Why are central banks worried about inflation
How does the European Central Bank ensure stable prices?
It is not easy for the European Central Bank. It is supposed to ensure stable prices in Euroland - according to Article 105 of the Maastricht Treaty it is obliged to do so. And after all, this is an international treaty with constitutional status, which can only be changed by a unanimous vote of the Council of the European Union, by the consent of the European Parliament and by ratification of all national parliaments involved.
It was not easy for the Deutsche Bundesbank to ensure stable prices and contain inflationary trends. Because even in Frankfurt or Munich the price level is different than in rural areas such as Lower Saxony or the Pre-Alps - the currency area, in which the European Central Bank has observed different price trends, has become much larger.
But what exactly is inflation? It would be ideal if the consumer price index at the end of the year were at the same level as at the beginning, i.e. the annual inflation rate was zero. But central bankers are pragmatists and not idealists. They assume that an economy will still function without tension when prices rise by an average of two percent a year. The patient only has to go to the operating table when there are dangers on the horizon that will permanently miss this mark.
A central bank's toolkit is quite extensive. For example, it can observe exactly how much money is available to economic agents and try to control this amount of money. The idea behind this is that the production potential of an economy and its people must be matched by exactly a certain amount of money in order to ensure inflation-free growth. If the money supply grows faster than the production potential, the economic agents get the impression that they are richer than before. With this illusion of money, they want to buy more goods, which drives up demand and thus prices. If, on the other hand, the economy is insufficiently supplied with money, this inhibits inflation, but the scarcity of money then also increases the interest rate, the price of money, so to speak. That means less investment, consumption and growth - the trouble with the politicians is inevitable.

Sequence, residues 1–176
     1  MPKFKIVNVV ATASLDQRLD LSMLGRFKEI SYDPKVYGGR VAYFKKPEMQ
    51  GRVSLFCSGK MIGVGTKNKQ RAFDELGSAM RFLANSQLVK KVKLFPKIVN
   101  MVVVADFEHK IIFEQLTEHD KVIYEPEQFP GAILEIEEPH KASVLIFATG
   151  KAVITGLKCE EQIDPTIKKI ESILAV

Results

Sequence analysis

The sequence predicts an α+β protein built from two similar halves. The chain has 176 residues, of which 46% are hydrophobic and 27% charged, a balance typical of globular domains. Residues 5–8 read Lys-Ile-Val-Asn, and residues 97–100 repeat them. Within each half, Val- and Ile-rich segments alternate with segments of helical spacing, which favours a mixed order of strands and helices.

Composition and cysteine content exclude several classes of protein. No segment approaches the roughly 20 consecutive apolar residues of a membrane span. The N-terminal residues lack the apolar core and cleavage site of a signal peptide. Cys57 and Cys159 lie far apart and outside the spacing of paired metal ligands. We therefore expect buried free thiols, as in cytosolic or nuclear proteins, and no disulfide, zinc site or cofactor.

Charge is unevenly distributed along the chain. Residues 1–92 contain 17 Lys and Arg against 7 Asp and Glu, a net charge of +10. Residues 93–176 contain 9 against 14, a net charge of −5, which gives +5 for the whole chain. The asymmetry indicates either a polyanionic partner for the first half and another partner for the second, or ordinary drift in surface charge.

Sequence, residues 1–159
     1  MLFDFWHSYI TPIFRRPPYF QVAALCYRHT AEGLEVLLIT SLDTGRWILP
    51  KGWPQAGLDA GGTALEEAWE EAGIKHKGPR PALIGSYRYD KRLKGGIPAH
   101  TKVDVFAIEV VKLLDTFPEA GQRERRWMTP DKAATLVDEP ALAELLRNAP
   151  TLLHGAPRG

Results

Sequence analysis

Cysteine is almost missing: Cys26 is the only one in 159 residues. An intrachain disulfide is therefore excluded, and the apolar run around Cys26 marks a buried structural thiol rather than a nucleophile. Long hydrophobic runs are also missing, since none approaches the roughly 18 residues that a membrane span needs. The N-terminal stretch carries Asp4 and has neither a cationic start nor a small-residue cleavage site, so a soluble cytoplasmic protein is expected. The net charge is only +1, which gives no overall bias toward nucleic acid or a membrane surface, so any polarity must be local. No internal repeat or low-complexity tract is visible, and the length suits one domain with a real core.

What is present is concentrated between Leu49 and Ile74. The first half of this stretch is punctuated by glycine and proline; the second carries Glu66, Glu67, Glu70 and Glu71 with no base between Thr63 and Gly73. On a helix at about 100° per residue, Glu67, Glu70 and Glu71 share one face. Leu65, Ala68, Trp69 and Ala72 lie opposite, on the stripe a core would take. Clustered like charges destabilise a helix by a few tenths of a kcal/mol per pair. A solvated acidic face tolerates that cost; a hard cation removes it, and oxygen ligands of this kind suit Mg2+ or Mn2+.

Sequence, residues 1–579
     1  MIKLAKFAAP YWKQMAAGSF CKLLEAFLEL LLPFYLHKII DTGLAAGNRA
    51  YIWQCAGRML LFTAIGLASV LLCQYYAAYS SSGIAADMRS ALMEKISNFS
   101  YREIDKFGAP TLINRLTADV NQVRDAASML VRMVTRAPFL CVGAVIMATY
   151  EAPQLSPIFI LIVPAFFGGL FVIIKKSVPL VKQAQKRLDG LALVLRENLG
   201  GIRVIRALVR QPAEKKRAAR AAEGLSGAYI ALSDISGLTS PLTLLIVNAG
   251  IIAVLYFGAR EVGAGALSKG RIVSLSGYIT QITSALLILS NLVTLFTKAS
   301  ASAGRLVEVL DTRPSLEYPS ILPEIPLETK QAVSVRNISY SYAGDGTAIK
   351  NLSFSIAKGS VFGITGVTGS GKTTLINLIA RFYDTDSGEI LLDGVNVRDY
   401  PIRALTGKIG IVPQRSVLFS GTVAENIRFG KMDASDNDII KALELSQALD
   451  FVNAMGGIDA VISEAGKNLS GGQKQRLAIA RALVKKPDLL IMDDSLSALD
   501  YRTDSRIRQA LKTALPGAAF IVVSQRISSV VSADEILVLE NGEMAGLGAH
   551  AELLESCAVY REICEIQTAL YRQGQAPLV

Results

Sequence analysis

But how do you control the growth of a money supply? If it grows too quickly, we stop the money printing machine, and if it grows too slowly, we make it run faster, the obvious answer might be. Unfortunately, the reality is a little more complicated. The central bank is the only institution that is allowed to produce money and put it into circulation, everyone else must expect to be in prison sooner or later. But in 1999, for example, the currency in circulation in Euroland was around 330 billion euros, the actual money supply, on the other hand, was the proud sum of 4,500 billion euros, i.e. 13.6 times more, without anyone having to go to jail for it.
This is because the banks are also involved in the money creation process. In the past they had thick account books, today they have thick computers in which every claim and counterclaim, every credit balance, every savings account and every bond is meticulously recorded. Because such claims and balances can be converted into cash at any time, they must also be added to cash. The fact that these monetary claims and balances exceed the actual cash holdings several times over is not criminal, but quite legal. Since not everyone withdraws all of their credit balance in cash, it is sufficient to only cover part of it in the form of cash. The rest is so-called deposit money. Directly controlling the growth of this giral money supply is particularly difficult. The US and UK tried and soon gave up. The Bundesbank also failed eleven times in 21 attempts to keep the growth of the money supply within a certain target range.